What kinds of spaces are formed when the movement of displaced people is suspended? Controlled refugee camps and detention centers, alongside makeshift encampments and spontaneous settlements, manifest the various spatial expressions of the global control over movement. Following the Festival of Ideas' focus on 'movement', the panel will discuss the spaces of today's 'migration crisis', where people 'on the move' are suspended.
We will ask: how are these spaces created and managed? what is the meaning of form, function and materiality in these camps? what are the differences between the shelters, the communal buildings and the public areas formed in these spaces? how do these spaces influence their residents and the human relations created in them?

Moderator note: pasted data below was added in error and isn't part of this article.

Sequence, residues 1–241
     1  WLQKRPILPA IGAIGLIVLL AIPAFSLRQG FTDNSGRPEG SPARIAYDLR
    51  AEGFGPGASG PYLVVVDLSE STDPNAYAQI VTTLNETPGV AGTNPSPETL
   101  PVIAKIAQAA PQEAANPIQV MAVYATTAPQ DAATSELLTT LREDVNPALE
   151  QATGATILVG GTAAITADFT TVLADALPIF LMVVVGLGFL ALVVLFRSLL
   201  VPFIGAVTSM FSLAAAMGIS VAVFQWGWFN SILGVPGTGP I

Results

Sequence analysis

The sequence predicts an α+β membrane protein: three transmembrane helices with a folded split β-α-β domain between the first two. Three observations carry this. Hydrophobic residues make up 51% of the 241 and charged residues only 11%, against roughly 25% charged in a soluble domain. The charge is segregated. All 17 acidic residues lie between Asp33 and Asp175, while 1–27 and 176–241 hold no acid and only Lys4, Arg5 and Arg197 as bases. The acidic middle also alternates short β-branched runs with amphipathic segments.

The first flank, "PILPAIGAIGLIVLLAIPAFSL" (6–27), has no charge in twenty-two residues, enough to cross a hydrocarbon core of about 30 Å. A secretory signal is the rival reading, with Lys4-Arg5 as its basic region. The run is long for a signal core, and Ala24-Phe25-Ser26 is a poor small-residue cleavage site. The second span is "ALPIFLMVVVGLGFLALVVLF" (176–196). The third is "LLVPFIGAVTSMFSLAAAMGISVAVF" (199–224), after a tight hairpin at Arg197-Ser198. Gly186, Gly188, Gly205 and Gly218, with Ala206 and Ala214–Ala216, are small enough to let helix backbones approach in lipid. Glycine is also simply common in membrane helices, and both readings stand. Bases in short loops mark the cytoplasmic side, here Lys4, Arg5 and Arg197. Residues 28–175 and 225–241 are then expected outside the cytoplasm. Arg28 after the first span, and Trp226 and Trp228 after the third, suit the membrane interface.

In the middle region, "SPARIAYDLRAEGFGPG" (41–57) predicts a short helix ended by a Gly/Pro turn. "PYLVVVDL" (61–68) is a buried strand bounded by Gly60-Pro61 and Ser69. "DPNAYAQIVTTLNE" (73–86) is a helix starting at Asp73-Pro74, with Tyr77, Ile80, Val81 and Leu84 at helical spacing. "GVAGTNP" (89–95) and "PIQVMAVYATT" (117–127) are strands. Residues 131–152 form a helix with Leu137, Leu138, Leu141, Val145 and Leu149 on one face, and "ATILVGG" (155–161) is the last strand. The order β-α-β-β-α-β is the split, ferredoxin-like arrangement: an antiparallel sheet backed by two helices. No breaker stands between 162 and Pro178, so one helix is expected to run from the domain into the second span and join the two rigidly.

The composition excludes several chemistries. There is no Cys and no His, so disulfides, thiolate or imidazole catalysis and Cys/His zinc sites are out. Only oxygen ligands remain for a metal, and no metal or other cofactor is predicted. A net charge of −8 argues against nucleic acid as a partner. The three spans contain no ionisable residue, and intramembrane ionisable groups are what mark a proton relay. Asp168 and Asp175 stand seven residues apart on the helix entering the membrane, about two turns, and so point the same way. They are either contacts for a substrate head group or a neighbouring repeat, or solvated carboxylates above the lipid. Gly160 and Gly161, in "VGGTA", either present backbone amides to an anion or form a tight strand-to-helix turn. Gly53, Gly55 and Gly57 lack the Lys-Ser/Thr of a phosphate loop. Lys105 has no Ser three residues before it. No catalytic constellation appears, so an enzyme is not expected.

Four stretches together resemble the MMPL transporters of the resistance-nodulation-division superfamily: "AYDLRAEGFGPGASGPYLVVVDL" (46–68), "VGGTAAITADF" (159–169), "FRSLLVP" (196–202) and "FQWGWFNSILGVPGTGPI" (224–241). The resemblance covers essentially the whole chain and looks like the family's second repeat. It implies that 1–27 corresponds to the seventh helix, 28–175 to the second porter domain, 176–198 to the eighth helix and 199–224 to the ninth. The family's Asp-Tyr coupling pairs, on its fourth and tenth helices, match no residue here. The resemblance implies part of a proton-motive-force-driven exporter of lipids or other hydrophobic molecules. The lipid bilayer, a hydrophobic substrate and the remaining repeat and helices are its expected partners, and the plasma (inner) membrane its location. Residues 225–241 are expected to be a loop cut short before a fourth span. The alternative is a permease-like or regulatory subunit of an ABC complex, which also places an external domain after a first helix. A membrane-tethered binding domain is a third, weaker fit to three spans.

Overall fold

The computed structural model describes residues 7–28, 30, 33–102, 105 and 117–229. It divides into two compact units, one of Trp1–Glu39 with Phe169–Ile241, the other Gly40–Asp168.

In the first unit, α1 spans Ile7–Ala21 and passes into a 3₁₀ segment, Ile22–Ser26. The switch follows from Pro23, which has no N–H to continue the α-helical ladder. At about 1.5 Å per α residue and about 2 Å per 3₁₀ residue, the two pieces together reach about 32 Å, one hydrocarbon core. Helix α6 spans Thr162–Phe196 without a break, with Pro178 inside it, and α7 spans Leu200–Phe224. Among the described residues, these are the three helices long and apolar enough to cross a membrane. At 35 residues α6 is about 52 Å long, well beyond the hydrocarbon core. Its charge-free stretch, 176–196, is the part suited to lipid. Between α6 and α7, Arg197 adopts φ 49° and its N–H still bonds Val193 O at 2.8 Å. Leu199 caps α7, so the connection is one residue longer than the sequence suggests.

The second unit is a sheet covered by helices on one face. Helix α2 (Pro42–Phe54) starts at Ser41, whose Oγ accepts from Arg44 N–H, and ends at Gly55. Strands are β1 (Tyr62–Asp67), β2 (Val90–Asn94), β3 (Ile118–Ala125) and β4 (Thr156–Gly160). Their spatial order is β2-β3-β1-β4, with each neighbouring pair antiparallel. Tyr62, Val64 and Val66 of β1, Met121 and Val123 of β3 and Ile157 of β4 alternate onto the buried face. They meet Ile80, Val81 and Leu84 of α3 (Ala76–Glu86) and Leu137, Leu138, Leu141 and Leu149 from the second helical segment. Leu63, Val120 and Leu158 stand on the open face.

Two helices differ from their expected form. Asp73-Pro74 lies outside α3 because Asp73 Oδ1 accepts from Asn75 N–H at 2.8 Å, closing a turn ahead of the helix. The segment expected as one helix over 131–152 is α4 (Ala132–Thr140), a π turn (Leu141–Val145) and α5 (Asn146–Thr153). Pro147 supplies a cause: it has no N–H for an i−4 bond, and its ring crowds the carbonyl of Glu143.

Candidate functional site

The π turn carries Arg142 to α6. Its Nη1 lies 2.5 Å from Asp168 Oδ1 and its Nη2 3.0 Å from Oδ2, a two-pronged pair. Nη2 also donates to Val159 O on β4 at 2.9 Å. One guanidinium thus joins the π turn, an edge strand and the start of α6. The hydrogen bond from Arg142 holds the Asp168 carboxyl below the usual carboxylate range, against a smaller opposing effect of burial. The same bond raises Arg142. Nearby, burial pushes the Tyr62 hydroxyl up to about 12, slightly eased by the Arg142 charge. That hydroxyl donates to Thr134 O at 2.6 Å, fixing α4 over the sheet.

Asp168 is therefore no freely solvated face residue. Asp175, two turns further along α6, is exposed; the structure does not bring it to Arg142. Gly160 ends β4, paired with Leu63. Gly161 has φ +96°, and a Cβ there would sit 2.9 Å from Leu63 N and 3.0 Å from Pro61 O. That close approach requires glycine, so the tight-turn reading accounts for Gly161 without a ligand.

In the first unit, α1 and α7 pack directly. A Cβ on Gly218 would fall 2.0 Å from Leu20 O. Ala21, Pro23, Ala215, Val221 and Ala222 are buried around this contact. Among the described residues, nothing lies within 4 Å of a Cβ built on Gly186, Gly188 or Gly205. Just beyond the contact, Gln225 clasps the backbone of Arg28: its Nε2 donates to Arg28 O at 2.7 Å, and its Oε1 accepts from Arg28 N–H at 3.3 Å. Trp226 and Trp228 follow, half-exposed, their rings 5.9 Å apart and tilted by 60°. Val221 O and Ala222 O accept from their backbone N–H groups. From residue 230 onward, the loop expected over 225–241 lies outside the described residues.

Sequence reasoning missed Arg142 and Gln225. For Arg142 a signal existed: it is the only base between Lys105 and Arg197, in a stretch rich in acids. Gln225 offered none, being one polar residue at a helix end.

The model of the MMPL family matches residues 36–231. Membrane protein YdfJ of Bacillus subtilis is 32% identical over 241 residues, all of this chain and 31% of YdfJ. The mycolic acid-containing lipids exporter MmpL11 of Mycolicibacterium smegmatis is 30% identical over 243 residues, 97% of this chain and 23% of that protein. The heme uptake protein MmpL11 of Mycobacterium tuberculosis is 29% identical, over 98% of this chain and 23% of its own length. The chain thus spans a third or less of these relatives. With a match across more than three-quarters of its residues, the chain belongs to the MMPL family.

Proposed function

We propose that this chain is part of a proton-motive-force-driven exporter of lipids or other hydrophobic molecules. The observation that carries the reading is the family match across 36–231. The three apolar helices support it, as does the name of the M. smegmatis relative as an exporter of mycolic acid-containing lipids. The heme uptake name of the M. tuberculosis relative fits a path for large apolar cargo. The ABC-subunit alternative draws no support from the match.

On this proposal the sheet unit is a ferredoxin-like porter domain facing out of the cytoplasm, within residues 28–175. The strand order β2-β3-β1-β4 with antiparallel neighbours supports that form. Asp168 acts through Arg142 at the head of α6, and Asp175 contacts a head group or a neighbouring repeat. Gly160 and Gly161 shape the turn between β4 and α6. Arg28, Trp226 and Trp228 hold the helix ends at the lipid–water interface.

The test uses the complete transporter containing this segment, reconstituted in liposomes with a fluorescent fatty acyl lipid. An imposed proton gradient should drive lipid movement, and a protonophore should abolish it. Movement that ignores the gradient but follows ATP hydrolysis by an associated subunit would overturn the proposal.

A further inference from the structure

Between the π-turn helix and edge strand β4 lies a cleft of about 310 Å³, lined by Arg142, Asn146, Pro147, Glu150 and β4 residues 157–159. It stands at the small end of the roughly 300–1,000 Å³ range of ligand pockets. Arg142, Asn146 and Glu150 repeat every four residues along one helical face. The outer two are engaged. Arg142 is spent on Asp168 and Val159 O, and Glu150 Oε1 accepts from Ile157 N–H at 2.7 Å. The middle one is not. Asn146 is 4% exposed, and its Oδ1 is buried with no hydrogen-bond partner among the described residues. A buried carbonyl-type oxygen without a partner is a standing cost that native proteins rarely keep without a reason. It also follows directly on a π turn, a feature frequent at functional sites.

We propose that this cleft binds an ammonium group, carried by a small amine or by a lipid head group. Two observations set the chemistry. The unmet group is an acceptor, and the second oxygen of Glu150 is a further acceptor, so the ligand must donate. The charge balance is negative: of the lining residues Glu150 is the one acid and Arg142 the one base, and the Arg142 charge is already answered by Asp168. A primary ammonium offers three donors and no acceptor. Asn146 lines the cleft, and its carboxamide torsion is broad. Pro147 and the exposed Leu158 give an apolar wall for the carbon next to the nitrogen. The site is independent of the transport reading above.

The panel is chaired by Dr Irit Katz, an architect and a researcher form the Department of Architecture in Cambridge, who specialises in refugee and migrant camps. The panel members will include:
Dr Tom Scott-Smith, Associate Professor of Refugee Studies and Forced Migration, the Refugee Studies Centre, University of Oxford. Specialises in the study of humanitarian relief and its impact on the lives of refugees.
Gráinne Hassett, an architect and founder of The Calais Builds. Created a number of key projects at the Jungle camp in Calais including the youth centre, vaccination centre and women and children's centre.
Beshwar Hassan, a musician from Iraqi Kurdistan. Arrived to the UK in September 2016 after experiencing 14 months living in the camps along the migration routes to and within Europe.
Dan Ellis, Chair of Cambridge Calais Refugee Action Group (CamCRAG).
Organising regular convoys to the camps in northern France (Calais, Grande-Synthe and others), working with fundraising, donations and shelter building.